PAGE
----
Haemoglobinopathies and newborn haemoglobinopathy screening in Germany
- 1Asklepios Kinderklinik, St Augustin, Germany
- 2Department of Obstetrics and Gynecology, University Hospital Munich, Munich, Germany
- 3Hemoglobin Laboratory, University Children’s Hospital, Ulm, Germany
- Roswitha Dickerhoff, Asklepios Kinderklinik, 53745 St Augustin, Germany;
- Accepted 9 September 2008
Germany has been an immigration country since the early 1950s. In December 2007, 6.7 million non-German citizens lived in the country. However, the total number of citizens with a migration background is 15–20 million, about 9 million of whom come from countries where sickle cell disease and thalassaemias are frequent. In a country with 82 million inhabitants health authorities are not worried by the presence of probably 1000–1500 sickle cell and 450 transfusion-dependent thalassaemia patients, and therefore no screening or preventive measures have been taken so far on a national scale. There are plans for a pilot project (1 year) to screen all newborns for sickle cell disease in obstetric hospitals in 4–5 cities with more than 20% migrants. Funding and lack of an infrastructure to provide counselling are major problems.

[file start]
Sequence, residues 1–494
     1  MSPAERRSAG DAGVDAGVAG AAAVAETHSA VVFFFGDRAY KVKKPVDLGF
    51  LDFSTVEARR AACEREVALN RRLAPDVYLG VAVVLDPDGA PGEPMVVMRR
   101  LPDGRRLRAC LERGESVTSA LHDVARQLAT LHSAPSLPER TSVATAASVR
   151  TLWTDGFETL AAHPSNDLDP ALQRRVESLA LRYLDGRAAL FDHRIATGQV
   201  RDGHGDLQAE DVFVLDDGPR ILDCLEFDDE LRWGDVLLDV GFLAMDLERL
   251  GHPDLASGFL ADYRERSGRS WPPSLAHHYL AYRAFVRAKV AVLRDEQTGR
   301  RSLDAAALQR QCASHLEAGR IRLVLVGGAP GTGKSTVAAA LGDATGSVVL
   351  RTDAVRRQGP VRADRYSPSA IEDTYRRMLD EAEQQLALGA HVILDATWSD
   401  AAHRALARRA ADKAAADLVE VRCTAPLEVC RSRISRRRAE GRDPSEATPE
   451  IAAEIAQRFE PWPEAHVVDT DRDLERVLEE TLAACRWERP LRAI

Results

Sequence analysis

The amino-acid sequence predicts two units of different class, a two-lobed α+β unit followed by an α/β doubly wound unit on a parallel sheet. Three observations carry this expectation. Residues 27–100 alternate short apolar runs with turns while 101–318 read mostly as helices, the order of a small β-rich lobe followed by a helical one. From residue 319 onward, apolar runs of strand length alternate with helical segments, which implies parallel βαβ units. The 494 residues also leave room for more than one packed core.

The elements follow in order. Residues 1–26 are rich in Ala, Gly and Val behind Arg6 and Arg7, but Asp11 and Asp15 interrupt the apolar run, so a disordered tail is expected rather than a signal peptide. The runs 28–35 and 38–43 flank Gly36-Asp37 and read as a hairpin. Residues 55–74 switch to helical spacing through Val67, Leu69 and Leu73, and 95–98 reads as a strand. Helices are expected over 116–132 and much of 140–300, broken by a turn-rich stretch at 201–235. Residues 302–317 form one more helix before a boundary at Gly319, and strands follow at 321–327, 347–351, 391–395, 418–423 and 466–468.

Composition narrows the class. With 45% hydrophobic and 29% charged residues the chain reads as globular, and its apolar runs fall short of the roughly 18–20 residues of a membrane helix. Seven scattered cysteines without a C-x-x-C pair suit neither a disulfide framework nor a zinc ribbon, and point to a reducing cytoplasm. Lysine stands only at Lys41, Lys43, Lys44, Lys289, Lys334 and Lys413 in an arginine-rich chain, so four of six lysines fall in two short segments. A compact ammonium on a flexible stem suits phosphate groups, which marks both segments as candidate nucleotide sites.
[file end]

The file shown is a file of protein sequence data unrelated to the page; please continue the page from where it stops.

Competing interests: None.